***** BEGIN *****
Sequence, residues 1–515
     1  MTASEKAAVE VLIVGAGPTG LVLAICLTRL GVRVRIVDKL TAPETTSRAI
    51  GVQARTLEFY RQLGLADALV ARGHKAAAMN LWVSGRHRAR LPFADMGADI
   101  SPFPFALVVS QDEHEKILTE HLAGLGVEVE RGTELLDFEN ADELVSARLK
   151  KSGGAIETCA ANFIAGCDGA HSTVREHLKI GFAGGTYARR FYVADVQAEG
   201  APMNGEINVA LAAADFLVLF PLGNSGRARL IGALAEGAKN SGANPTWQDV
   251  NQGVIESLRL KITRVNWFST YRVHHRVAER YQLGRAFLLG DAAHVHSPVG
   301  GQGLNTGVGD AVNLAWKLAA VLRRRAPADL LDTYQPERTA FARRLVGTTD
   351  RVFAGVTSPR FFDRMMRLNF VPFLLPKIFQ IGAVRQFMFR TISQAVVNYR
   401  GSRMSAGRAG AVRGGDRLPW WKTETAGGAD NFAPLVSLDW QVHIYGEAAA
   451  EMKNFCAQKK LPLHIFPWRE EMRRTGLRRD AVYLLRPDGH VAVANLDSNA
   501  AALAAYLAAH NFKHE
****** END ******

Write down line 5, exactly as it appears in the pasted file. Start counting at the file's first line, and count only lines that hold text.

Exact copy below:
   151  KSGGAIETCA ANFIAGCDGA HSTVREHLKI GFAGGTYARR FYVADVQAEG